Rolling Stone’s New Editor Noah Shachtman Talks Scoops, the Future of Print, and Taking on Rock’s Sacred Cows
Noah Shachtman, a veteran journalist who cut his teeth as a national security reporter before rising to the top of the Daily Beast masthead, joined Rolling Stone earlier this year as its new editor in chief.
The hire has brought renewed attention and buzz to the 54-year-old rock magazine.
At the Beast, Shachtman presided over a fast-paced newsroom that put a premium on scoops. He has sought to bring equal energy to Rolling Stone, which has broken several big stories since he took the reins, including a report that exposed the extent of Eric Clapton’s anti-vax crusade, as well as an alarming exclusive on meetings between Jan. 6 protest organizers and members of Congress.
Shachtman joined me on this week’s episode of The Interview podcast to discuss the first few months of his tenure at Rolling Stone, and what he’s trying to do with the legendary magazine.
“I think you’re going to find a lot of hard-hitting political reporting, I think you’re going to find a lot of hard-hitting cultural reporting, and some great music journalism,” he said. “And I think you’ll have the new Rolling Stone right there.”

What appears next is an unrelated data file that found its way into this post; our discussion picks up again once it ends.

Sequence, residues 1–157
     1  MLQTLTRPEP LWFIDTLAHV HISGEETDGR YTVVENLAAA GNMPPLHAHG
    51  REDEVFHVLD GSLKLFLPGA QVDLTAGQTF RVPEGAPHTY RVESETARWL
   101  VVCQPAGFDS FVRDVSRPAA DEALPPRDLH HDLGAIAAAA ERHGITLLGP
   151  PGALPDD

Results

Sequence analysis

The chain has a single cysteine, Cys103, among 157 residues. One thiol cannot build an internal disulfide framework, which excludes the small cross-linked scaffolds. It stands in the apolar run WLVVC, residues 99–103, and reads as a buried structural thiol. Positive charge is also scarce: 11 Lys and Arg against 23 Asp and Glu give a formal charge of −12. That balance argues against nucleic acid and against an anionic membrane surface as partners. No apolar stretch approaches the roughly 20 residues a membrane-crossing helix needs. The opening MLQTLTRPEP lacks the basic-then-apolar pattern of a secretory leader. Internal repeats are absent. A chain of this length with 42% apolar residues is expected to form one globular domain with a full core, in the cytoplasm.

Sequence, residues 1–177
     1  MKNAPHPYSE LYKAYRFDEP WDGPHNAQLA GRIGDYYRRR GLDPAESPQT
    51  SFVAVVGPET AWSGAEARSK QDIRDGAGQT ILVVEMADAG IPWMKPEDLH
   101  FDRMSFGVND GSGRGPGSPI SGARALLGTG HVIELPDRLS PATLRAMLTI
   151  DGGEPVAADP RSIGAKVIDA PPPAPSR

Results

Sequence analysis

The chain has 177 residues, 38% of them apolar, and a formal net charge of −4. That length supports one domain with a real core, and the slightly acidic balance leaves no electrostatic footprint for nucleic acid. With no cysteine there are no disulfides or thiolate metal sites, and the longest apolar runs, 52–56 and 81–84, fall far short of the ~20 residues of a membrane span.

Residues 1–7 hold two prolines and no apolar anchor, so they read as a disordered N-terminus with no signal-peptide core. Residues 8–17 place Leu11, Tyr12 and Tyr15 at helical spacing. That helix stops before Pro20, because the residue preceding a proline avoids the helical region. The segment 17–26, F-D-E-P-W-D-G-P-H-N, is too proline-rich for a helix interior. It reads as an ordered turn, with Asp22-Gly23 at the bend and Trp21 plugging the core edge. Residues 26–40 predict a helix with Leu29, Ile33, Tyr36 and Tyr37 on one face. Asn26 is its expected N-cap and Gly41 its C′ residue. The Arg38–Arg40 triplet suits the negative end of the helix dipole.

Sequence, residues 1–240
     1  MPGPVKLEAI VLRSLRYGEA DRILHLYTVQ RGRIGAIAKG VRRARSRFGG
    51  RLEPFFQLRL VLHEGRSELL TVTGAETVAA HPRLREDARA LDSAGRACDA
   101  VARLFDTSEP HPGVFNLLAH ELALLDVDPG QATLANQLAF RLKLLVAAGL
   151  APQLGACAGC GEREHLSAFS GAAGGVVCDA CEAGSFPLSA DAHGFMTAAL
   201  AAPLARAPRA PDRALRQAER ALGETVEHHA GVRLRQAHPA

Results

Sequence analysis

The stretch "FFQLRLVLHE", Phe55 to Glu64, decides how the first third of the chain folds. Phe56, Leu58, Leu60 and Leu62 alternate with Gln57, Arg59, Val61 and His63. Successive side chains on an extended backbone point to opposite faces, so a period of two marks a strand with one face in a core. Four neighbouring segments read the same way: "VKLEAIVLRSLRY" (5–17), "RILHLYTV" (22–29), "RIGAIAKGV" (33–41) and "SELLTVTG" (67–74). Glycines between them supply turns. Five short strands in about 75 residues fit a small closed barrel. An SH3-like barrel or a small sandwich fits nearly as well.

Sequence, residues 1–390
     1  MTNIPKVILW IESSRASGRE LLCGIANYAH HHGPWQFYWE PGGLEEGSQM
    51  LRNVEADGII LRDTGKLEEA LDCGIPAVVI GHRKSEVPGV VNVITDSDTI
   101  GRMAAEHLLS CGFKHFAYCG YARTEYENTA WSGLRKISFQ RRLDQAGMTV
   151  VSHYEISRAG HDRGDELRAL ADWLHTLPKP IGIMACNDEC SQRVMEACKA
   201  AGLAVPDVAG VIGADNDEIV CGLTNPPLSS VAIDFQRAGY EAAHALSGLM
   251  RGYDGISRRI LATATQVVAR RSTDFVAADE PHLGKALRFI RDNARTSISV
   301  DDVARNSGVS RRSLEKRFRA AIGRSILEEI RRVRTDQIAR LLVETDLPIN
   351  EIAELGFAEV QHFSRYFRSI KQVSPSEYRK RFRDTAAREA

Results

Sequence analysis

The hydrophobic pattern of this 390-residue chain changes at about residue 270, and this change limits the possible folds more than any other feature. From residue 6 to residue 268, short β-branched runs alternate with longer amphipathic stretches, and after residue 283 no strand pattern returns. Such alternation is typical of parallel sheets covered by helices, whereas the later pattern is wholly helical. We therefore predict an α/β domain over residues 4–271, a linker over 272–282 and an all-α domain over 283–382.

Rolling Stone is a natural fit for Shachtman, himself a musician who once played at venues like CBGB in New York before choosing journalism as a full-time career.
I called up Shachtman on Tuesday to discuss the daunting task of taking over Rolling Stone, where he plans to take the magazine, the future of print media, and who’s next in music.
On how Rolling Stone will treat the stars it covers
My vision is to have a sometimes oppositional relationship to the stars we cover, depending on whether those stars are doing bad things or not. If they’re just making great art, then I think we’ll have a celebratory relationship with them. If they’re making great art and being shit-birds on the side, we’re probably going to have a more adversarial relationship with them. I should note that this has happened throughout Rolling Stone’s history. For example, Johnny Depp was on the cover any number of times and then got aired out in 2019 by Rolling Stone. But I think you’ll see him more consistently aggressive posture towards, especially, the music industry figures that may not be the leading lights.
On the future of print magazines